Just when I thought I was all done posting video interviews from my last trip to Washington, I saw Bob’s post today about the Gary Hart and Dmitri Simes article about realism, interests, and the prospects for cooperation between the Obama Administration and Russia. In response, I have gathered together some of the last scraps of the interview I shot with David Satter from the cutting room floor, as his comments strangely seem to engage almost in a direct dialogue with the Hart and Simes piece, especially in terms of debating realism (though the interview occured a month before this article was published). Some of my questions to Satter stemmed from an article he published in Forbes in November 2008 containing advice for Obama on Russia, including the point to “ignore the realists.”
Taken together, the video below and the Hart/Simes piece constitutes a real “throwdown” on the U.S.-Russia relationship in these next critical months. Please leave your weapons at the door.
At the risk of pointing out the obvious, there are several odd and intriguing convergences of opinion andwide-open disagreements between these two camps. One starting point is the source of these arguments. Simes, as usual, gets published by theNational Interest, the conservative bi-monthly published by the NixonCenter, with Henry Kissinger serving as the honorary chairman of thepublication. Satter, who publishes widely, is also no stranger to theNational Review, which was William F. Buckley’s gift to the world. Infact, you’re more likely to see convergence between the pages of theleftist weekly The Nation and some conservative magazines when it comesto Russia.
So within this strange world of powerful,arch-conservative opinion making, we have two pretty opposingperspectives on handling Russia … a trend which contributes to ourposition here that partisan politics are practically useless indiscussing such a complicated foreign policy issue as Russia.
That’s not to say that there aren’t some agreements. Hart, Simes, and Satter all agree on one thing – that the basicgeopolitical interests of the United States and Russia are identical. Hart/Simes say that “a sober evaluation of vital U.S. and Russian interests suggests that in no area are they in fundamental conflict“while Satter says that both Moscow and Washington are keen to build abalance of power in Central Asia to put a check on China, and that “ultimately a crisis situation could arise in which the United States and Russia emerge as allies.“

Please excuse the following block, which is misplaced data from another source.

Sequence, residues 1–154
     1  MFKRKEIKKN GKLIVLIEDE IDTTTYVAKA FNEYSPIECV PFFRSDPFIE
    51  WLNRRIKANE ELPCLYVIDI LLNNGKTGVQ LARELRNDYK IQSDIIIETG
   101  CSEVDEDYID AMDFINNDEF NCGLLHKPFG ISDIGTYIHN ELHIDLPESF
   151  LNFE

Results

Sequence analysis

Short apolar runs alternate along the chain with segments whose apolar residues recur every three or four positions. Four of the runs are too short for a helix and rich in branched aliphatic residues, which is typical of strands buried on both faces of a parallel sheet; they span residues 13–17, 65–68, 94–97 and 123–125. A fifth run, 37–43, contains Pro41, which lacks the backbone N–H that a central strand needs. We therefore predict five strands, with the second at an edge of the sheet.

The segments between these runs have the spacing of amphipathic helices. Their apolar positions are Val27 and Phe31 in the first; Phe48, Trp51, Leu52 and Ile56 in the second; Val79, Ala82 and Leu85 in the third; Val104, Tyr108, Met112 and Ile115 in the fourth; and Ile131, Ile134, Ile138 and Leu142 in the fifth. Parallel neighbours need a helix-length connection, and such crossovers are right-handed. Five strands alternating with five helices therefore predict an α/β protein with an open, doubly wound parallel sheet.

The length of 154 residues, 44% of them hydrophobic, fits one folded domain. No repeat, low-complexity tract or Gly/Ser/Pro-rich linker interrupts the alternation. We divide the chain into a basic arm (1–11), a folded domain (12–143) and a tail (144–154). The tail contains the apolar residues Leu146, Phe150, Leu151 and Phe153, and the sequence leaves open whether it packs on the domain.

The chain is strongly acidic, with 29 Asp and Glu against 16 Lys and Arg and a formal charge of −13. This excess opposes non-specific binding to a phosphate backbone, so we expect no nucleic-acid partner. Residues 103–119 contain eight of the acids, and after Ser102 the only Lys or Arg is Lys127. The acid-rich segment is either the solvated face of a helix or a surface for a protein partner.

Whereas Hart and Simes make a convincing case that the most importantthing for U.S.-Russia relations to move forward would be for Washingtonto drop any pretension that they can define Russia’s interests forthem, Satter appears to argue the diametric opposite. One of the keydifferences between the two schools of thought we are seeing here ishow much responsibility for the deterioration of the relationship restson Washington’s shoulders. Hart and Simes believe that the UnitedStates has a lot to atone for: “we did not just lecture Russia, we assumed that Russian policy makers would take our lectures seriously and follow our guidance.” Meanwhile Satter appears to believe that the United States is not atall responsible for improper conduct in the relationship, and that theburden should be upon Moscow to take steps toward a consensual center.
Both approaches, in my humble opinion, seem too extremist. Why must responsibility for what has happened and what should happen rest with only one party? Furthermore, taking on the realism approach, Satter argues that “there is nothing realistic about the total absence of moral principles in international affairs” – point I believe is well taken – but then continues to suggest that any policymaker willing to make the trade-off in values for cooperation somehow stands to profit financially from this relationship with Russia. I don’t think this claim makes very much sense, and seems like a conclusion driven by conspiracy ideation and paranoia.
There are also talking points from Hart/Simes which seem straight from Russia Today, such as the question “Are we holding the Russians to a higher standard of performance than we do other nations with whom we deal?” It could be argued that Russia receives exceptional status, but in the other direction … didn’t Putin get invited to the Bush family home at Kennebunkport? Didn’t the EU go ahead and hold PCA talks with Russia after the violation of ceasefire terms in Georgia? This question will certainly attract some scorn from many parties, but it is precisely in the center of the debate.